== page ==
Here’s the trailer:
Here’s the trailer faithfully recreated using the images from the graphic novel for all you uber-geeks out there:
Yeah, I know I haven’t been posting a lot. OKAY! I haven’t been posting at all. In my defense, this new job is really taking it out of me and I’ve had some health issues to deal with. Nothing serious, but they still need to be addressed. Hopefully I’ll be back to blogging regularly in September.
In the mean time, here’s The Princess Bride, with cats!
I snagged this recipe from Starline Hodge’s webcomic site, Candi – A College Story.
You should definitely check the strip out. It’s a lot of fun, has some great characters, and depicts parts of my university career with aching clarity, episodes that I think are universal to anyone who’s pursued higher learning at any institution.
Most of which I think a lot of us would would much rather forget.
At any rate, thanks Starline!
1 cup (8 oz) club soda or cream soda
½ cup (4 oz) butterscotch syrup (ice cream topping)
½ tablespoon butter
Step 1: Measure butterscotch and butter into a 2 cup (16 oz) glass. Microwave on high for 1 to 1½ minutes, or until syrup is bubbly and butter is completely incorporated.
Step 2: Stir and cool for 30 seconds, then slowly mix in club soda. Mixture will fizz quite a bit.
Step 3: Serve in two coffee mugs or small glasses; a perfectly warm Hogwarts treat for two!
Yummy! And to work up your appetite, here’s the latest trailer for Harry Potter and The Deathly Hallows, Parts 1 & 2.
“…In the long run, we’re all dead anyway.”
– Harvey Pekar, The Quitter, 2005
Harvey Pekar, the genius author behind American Splendor has died. He was 70 years old.
Pekar began his chronicle of everyday life in 1976 while he was working as a file clerk at Cleveland’s Veterans Hospital. American Splendor was an unflinching look at Pekar’s mundane and seemingly pointless interactions between himself and co-workers and hospital patients. As it evolved, American Splendor became an ongoing biography of Harvey’s life, his trials, foibles, worries and anxieties, eventually expanding to include his relationships with his wife Joyce Brabner and his adopted daughter Danielle. Harvey never pulled any punches, most notably when writing about his fight against lymphoma in ‘Our Cancer Year’, published in 1994. He would go on to write about jazz, the artists with whom he collaborated, the making of the movie American Splendor staring Paul Giamatti, and the wartime experiences of his friend and coworker Robert McNeill in Vietnam.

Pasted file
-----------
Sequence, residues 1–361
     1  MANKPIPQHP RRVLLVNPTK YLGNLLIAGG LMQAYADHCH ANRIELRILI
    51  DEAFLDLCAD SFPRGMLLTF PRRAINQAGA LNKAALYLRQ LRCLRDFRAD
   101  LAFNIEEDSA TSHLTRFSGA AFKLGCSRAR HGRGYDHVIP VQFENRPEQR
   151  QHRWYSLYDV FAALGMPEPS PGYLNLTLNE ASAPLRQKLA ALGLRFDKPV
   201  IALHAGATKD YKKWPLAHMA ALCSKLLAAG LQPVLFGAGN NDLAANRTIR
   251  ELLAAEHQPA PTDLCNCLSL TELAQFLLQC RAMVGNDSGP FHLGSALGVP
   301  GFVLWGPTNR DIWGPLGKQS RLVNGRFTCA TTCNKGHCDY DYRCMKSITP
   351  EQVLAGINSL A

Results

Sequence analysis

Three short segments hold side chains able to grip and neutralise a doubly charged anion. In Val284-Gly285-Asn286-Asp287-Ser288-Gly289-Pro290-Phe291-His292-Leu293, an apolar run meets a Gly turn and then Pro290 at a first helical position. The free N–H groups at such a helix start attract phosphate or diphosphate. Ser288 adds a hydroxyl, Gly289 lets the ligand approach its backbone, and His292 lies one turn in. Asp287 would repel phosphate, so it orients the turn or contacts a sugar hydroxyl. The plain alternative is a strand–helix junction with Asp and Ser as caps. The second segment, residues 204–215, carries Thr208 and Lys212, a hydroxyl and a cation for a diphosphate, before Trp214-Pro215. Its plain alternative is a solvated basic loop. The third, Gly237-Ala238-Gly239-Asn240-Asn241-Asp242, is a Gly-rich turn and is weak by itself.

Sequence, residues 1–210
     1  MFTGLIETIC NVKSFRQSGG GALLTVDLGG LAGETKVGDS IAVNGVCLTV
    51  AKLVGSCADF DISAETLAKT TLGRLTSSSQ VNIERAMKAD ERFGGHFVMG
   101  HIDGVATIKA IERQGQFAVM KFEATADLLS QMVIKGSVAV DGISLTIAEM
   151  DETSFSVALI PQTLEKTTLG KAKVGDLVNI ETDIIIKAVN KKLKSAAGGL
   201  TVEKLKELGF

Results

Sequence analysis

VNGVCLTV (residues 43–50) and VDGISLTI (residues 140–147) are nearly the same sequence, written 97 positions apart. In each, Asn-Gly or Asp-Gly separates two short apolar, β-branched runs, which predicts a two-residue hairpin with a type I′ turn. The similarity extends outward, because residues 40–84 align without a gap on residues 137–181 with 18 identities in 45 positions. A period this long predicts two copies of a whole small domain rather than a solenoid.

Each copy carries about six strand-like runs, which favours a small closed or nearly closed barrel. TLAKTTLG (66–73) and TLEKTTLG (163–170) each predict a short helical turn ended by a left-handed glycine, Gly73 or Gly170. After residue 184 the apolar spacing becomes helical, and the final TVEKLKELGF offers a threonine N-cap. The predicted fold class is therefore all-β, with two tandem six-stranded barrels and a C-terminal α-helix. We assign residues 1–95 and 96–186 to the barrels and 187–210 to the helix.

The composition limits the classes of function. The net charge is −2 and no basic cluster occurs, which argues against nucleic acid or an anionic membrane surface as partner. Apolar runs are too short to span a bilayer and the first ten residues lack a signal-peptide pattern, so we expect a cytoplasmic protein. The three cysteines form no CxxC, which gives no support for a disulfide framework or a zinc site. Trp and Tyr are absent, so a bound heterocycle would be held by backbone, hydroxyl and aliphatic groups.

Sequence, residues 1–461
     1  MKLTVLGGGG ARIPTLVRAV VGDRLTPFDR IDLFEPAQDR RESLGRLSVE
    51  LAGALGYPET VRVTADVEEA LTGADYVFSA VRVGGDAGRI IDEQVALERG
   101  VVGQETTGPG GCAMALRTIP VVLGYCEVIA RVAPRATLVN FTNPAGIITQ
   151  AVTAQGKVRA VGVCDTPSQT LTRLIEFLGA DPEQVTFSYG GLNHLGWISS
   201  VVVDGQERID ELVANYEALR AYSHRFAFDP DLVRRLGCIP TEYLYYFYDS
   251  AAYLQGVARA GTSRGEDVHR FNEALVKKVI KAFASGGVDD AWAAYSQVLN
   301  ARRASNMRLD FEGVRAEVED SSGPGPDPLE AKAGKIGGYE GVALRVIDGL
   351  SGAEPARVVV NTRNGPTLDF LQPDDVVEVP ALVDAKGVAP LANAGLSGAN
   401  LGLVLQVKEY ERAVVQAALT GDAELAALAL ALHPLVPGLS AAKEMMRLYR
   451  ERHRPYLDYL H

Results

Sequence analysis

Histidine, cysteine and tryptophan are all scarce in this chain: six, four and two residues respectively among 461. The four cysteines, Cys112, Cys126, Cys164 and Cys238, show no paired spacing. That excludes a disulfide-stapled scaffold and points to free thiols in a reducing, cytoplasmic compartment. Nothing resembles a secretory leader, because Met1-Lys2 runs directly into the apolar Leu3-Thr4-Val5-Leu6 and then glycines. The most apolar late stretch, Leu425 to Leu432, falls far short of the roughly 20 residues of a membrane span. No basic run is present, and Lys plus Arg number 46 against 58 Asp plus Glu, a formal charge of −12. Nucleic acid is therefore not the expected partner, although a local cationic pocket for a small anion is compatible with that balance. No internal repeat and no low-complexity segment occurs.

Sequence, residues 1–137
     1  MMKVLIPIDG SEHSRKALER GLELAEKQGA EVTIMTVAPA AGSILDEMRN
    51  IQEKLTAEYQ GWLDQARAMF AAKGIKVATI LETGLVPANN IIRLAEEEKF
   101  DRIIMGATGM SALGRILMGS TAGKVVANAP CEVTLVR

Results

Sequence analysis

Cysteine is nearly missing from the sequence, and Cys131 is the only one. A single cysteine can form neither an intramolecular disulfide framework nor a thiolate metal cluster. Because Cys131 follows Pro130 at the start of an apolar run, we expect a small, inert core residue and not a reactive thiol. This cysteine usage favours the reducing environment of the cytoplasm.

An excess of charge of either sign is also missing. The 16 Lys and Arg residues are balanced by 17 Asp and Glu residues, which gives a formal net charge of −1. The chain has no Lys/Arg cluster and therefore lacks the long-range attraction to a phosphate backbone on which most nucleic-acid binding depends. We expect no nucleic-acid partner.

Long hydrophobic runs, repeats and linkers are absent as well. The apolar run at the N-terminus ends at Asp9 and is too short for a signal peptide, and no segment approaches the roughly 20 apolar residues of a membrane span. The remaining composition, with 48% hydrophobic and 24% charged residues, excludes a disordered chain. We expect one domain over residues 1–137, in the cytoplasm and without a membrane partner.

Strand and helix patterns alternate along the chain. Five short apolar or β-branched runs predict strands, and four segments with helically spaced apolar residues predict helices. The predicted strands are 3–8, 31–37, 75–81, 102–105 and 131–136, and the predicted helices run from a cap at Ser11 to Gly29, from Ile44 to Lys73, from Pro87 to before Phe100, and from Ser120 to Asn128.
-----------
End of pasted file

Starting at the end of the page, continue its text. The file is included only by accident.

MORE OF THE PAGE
Pekar worked with some of the greatest comic artists of this century to produce American Splendor including: R. Crumb, Gary Dumm, Greg Budgett, Spain Rodriguez, Joe Zabel, Gerry Shamray, Frank Stack, Mark Zingarelli, and Joe Sacco. More recently Harvey teamed up with artists Dean Haspiel and Josh Neufeld and cartoonists Jim Woodring, Chester Brown, Alison Bechdel, Gilbert Hernandez, Eddie Campbell, David Collier, Drew Friedman, Ho Che Anderson, Rick Geary, Ed Piskor, Hunt Emerson, Bob Fingerman, Alex Wald and even legendary comics writer Alan Moore.
It was R. Crumb who first started working with Pekar on what would become American Splendor after they met in 1962. It was Harvey’s contention that comic books could be used to tell more than formulaic fantasy stories, that they could be something more:
When I was a little kid, and I was reading these comics in the ’40s, I kind of got sick of them because after a while, they were just formulaic. I figured there was some kind of a flaw that keeps them from getting better than they are, and then when I saw Robert Crumb’s work in the early ’60s, when he moved from Philadelphia to Cleveland, and he moved around the corner from me, I thought ‘Man, comics are where it’s at’.
Always irascible and opinionated, Pekar appeared multiple times as a guest on Late Night with David Letterman during the 1980’s until he was banned for wearing a t-shirt declaring himself to be “On Strike Against NBC”, railing against NBC’s parent company GE and accusing Letterman himself of being a corporate shill. According to Harvey:
[W]ith Letterman … you either lay down and let him insult you or you do something about it. Most people keep their mouth shut and let him dump on them. I don’t wanna do that.
Goodbye Harvey, you were authentic, original and thought provoking. We were all much better for having know you. You shall be missed.